Tag Archives: Princesses

Fallen Princesses

16 Jun

Rapunzel II by Dina Goldstein

Rapunzel II by Dina Goldstein

Every story can have a happy ending; it’s all a matter of when you stop writing*.

Dina Goldstein has created a photo project which envisions alternate and continuing stories for some of our favorite princesses. She writes:

I explored the original brothers Grimm’s stories and found that they have very dark and sometimes gruesome aspects, many of which were changed by Disney. I began to imagine Disney’s perfect Princesses juxtaposed with real issues that were affecting women around me, such as illness, addiction and self-image issues.

The full essay and photos (so far) can be found at JPG Magazine. Hat tips to Mr. Broke Hoedown for sending me the link, and to The Disney Blog (who rightly praised the Rapunzel above).

* I wish I could remember who I’m paraphrasing here. Google isn’t my friend. If anybody knows the author, could you drop me a note?

NPR: Dear Pixar, From All The Girls With Band-Aids On Their Knees

4 Jun

Good lord, I love that headline so much I just had to repeat it. And now you simply must read the article! Here’s a snippet to entice you:

I have nothing against princesses. I have nothing against movies with princesses. But don’t the Disney princesses pretty much have us covered? If we had to wait for your thirteenth movie for you to make one with a girl at the center, couldn’t you have chosen something — something — for her to be that could compete with plucky robots and adventurous space toys?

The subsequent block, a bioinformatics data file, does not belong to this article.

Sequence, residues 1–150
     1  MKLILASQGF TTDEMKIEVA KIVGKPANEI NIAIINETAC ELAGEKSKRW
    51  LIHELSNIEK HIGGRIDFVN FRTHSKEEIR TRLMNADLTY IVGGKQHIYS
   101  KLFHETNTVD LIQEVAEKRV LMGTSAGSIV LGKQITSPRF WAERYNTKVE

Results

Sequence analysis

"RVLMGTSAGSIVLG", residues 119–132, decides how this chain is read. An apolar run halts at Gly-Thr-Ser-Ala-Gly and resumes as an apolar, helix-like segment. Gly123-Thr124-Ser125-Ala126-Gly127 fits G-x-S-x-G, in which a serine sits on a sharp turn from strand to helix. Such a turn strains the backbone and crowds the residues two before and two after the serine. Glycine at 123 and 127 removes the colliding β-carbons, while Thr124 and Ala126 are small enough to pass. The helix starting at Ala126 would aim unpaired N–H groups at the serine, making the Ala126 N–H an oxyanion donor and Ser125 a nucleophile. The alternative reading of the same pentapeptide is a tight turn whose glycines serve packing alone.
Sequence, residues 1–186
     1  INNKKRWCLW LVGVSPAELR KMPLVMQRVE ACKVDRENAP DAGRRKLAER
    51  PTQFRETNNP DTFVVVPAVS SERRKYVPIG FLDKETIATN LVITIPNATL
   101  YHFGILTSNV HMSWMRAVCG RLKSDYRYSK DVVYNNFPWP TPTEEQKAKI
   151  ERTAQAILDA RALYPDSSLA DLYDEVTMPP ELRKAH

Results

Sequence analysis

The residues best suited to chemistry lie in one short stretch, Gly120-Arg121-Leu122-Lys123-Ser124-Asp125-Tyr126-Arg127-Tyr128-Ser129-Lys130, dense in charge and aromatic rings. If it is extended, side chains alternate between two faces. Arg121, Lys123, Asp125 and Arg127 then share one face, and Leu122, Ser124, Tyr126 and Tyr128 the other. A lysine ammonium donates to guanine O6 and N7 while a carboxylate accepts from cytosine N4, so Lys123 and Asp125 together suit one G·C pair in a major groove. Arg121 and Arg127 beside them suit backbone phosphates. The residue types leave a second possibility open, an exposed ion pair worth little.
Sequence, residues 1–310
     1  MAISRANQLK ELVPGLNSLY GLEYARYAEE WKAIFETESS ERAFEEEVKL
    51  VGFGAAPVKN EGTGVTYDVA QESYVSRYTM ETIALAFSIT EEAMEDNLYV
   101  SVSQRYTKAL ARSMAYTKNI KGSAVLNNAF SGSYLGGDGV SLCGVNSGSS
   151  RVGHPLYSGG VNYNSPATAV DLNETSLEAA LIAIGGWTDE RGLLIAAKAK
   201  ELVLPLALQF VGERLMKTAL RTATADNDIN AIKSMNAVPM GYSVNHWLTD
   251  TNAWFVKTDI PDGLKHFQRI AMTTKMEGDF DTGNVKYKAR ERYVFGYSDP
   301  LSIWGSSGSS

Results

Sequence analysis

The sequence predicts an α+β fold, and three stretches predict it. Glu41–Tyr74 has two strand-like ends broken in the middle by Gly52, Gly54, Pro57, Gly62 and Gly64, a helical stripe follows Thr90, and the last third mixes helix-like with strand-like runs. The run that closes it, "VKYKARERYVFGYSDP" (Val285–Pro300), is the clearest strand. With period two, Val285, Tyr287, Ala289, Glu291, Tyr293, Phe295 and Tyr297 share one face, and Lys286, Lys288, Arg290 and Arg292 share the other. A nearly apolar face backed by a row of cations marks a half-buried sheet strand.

Or more to the point, why couldn’t your first female central character be as specifically drawn as the women and girls (and girl robots, etc.) you’re already writing as secondary characters? Ratatouille has a chef! WALL-E has Eve! The Incredibles has superheroes!

And Up…oh, Up has Ellie, who I could have watched forever. Seen only in flashbacks to the main story, Ellie is warm and hilarious, ambitious and fearless, and then gone for most of the movie. She provides the engine for the story, in many ways, but it’s an old man and a little boy who actually get to hit the gas.

Hat tip: Feministing.

(And yes, I loved Up too.)

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